August 3, 2012
When the Do-Not-Call Implementation Act of 2003 was passed, it was supposed to herald a new era of silence – as in, no more annoying dinner-time telemarketing calls. Based on the number of unsolicited calls our household still receives nearly a decade later, however, I'd say the law has been had only mixed success.
True, the sheer volume of calls did drop significantly after we registered our home and cell phone numbers with the Federal Trade Commission's National Do Not Call Registry. But because so many types of organizations are exempt from the legislation and so many shady companies flout the rules, everyone I know still gets pestered relentlessly.
There are steps you can take to curtail annoying calls; and just as important, ways to avoid falling for telemarketing scams:
First, if you haven't already done so, register your phone numbers with the registry, either online at www.donotcall.gov or by calling 888-382-1222 from each phone you wish to enroll. Although it's illegal for telemarketers to call wireless phones, you may want to register them just in case.
Be aware that certain organizations are exempt from the Do Not Call regulations barring contact. Charities, political organizations, telephone surveyors and companies with which you've done business in the last 18 months (and their affiliates and business partners) are still allowed to contact you unless you specifically request to be removed from their lists.
Telemarketers have up to 31 days to update their lists, so if you're not currently registered it could take that long for calls to cease. After that, you can file complaints about unwanted calls at the Do Not Call website or phone number. Remember, though: Debt collectors may continue to call you, whether or not your number is registered.
Here are a few additional tips for reducing call volume:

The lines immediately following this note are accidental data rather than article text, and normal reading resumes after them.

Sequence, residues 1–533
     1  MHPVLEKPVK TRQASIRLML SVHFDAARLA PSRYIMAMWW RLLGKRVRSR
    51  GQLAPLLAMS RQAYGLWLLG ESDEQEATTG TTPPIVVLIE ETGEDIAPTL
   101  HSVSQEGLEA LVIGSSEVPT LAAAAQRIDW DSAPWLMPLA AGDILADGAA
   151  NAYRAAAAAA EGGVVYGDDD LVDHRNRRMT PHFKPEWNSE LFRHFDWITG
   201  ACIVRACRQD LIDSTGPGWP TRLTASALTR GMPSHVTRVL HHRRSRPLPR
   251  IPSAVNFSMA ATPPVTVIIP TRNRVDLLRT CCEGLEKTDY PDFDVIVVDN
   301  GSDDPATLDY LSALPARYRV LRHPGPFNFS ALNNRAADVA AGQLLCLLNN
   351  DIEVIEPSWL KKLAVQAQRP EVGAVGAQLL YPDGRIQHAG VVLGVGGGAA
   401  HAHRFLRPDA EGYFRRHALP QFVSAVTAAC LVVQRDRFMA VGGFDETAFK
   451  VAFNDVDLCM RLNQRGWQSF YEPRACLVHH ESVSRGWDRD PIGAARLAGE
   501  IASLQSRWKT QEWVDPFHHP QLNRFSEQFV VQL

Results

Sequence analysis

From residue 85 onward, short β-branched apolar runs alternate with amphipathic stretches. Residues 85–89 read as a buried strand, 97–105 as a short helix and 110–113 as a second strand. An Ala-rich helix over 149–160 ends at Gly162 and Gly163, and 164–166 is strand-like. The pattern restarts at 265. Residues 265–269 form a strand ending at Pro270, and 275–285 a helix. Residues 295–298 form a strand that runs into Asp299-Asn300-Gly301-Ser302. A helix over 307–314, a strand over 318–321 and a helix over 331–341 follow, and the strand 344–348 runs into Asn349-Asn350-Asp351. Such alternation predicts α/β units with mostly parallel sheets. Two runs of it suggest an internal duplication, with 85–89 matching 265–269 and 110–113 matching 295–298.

Use Caller ID to screen incoming calls. By law, telemarketers must use some iteration of their business name in their onscreen ID, but many unscrupulous organizations will attempt to "spoof" you by providing misleading identifying information.
If you don't recognize the name or number you can either take the call or let it go to voicemail. If the line goes dead, that usually means it was a robo-call and there was no live operator available. Either way, you'll likely continue to receive calls unless you take action.
If a message is left and you think the organization is legitimate, call them back to request being taken off their own internal Do Not Call list, which they're required to maintain by law or face steep fines. If you suspect the call is a scam, go straight to filing a complaint.
You can also use your phone carrier's call-blocking function to prevent future calls from that number. However, this step won't do much good if someone is harvesting and selling your phone number to multiple telemarketers; plus, many carriers limit the number of callers you can block.
And finally: You can notify specific sellers in writing that you wish to continue receiving their calls. Just be aware that some marketers may attempt to obtain such consent surreptitiously via innocent-seeming solicitations or emails. This is one more reason why it's important to read every document and email carefully before signing or checking "I agree" to the fine print.
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